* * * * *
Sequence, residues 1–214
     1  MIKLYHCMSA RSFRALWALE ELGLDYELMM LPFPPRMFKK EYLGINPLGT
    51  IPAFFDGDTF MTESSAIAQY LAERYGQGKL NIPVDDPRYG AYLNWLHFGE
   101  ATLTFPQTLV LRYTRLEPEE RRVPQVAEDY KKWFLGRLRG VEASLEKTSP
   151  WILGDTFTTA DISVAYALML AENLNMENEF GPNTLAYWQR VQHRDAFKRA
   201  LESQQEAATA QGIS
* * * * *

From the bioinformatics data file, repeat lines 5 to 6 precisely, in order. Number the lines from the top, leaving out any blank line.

   151  WILGDTFTTA DISVAYALML AENLNMENEF GPNTLAYWQR VQHRDAFKRA
   201  LESQQEAATA QGIS